Henry Giroux was featured on Bill Moyers’ most recent show, and he regret that we are headed toward “zombie politics.”
In his book, Zombie Politics and Culture in the Age of Casino Capitalism, author and scholar Henry Giroux connects the dots to prove his theory that our current system is informed by a “machinery of social and civil death” that chills “any vestige of a robust democracy.”
This week on Moyers & Company, Giroux explains that such a machine turns “people who are basically so caught up with surviving that they become like the walking dead – they lose their sense of agency, they lose their homes, they lose their jobs.”
What’s more, Giroux points out, the system that creates this vacuum has little to do with expanding the meaning and the substance of democracy itself. Under “casino capitalism,” the goal is to get a quick return, taking advantage of a kind of logic in which the only thing that drives us is to put as much money as we can into a slot machine and hope we walk out with our wallets overflowing.
We’ve already determined that the 2012 elections overall produced in the most expensive election cycle ever, costing an estimated $6.3 billion. Newly updated numbers that we released today in the Historical Elections section of OpenSecrets.org, though, show that the average “price of admission” went up as well. The average winner in a Senate race spent $10.2 million, compared to $8.3 million in 2010 and just $7.5 million in 2008. That’s an increase of 19 percent since 2010. Senate Democrats seemed to have to work particular hard to win their seats, spending an average of $11.9 million, compared to the average Republican winner who spent $7.1 million.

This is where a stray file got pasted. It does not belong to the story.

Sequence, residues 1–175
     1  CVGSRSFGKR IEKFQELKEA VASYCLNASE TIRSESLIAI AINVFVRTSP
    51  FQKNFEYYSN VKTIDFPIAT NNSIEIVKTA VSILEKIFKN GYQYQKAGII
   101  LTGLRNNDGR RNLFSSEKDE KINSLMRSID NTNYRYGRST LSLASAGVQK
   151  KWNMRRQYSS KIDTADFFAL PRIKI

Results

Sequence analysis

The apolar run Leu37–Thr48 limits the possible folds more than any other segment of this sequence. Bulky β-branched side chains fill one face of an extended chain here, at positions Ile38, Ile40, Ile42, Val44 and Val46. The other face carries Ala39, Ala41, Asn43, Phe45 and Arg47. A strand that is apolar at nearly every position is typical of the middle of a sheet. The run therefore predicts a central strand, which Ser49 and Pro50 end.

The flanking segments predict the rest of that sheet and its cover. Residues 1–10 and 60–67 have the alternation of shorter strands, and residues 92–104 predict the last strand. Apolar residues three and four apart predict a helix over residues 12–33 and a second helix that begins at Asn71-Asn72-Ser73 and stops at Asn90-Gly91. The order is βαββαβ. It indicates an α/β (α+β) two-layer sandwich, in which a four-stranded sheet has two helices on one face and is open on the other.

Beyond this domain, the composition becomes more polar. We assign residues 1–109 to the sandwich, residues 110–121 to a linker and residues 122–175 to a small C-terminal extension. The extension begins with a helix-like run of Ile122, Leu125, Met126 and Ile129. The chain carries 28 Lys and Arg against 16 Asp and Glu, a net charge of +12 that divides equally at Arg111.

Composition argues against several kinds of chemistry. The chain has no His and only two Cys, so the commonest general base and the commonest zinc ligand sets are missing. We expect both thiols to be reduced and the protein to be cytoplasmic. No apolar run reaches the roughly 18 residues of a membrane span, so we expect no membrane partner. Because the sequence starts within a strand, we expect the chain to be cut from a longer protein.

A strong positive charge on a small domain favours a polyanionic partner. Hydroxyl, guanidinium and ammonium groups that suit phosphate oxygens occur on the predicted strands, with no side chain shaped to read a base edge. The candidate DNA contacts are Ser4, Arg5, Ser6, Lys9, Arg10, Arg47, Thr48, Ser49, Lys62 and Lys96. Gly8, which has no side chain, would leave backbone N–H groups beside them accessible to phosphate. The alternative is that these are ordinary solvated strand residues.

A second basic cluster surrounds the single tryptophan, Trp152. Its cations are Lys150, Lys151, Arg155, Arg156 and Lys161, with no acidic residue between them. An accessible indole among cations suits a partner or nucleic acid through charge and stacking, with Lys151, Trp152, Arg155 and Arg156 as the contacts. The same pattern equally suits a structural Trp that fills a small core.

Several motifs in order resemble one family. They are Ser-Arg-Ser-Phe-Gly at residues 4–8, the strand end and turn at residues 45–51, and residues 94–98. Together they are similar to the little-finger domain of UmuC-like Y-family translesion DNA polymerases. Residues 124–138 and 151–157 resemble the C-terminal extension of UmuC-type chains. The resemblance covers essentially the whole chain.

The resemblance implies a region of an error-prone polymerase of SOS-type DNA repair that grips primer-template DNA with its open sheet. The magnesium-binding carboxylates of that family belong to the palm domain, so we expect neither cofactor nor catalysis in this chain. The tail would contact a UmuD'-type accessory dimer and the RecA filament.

On the House side, there was a smaller but still quantifiable increase in the cost of winning. On average, a winner in the House spent $1.5 million, compared $1.4 million in 2010 and $1.3 million in 2008. In the House, it was Republicans who had to work a bit harder: The average winning House Republican had to spend $1.59 million to win a seat, a bit more than the $1.53 million spent by the average Democratic victor.
According to Lee Camp, little bits of comfort are getting in the way of the possibility of progress.
The first photo below is an HDR photo I took of the Lincoln Memorial 3 nights ago. Walking around DC, I’m mostly repulsed by the thought of what this city has become: Blatant corruption and warmongering hypocrisy. But I draw strength and hope from the glorious monuments on the National Mall.
Approaching crisis point for journalism and corruption – Bill Moyers talks with John Nichols and Robert McChesney
Bill Moyers, John Nichols and Robert McChesney are three of the people I admire most in the world. Here they are sitting at the same table discussing what to do about the massive corruption of our political system, specifically, the challenges faced by those who are trying to do responsible journalism to report on this travesty. These issues are discussed with precision in the latest book by Nichols and McChesney: “Dollarocracy,” a stunningly sober look at the situation (I’ve almost finished reading it).
Toward the end of this excellent video, McChesney and Nichols indicate that they are “optimists.” They argue that we are at one of those acute crisis points periodically faced by Americans and thus positive change is in our grasp. The authors further argue that it is becoming apparent that we need to make the case for publicly funded journalism. This is an approach taken by many functional governments, and it was one of the cornerstones of early America, a topic discussed by Nichols and McChesney in one of their previous books.
Fascinating video lecture by Dylan Ratigan. I’m in the process of reading his recent book, Greedy Bastards: How We Can Stop Corporate Communists, Banksters, and Other Vampires from Sucking America Dry. It’s an extremely well written book that succinctly explains many of the problems faced by Americans (including chapters on Wall Street and Health Care).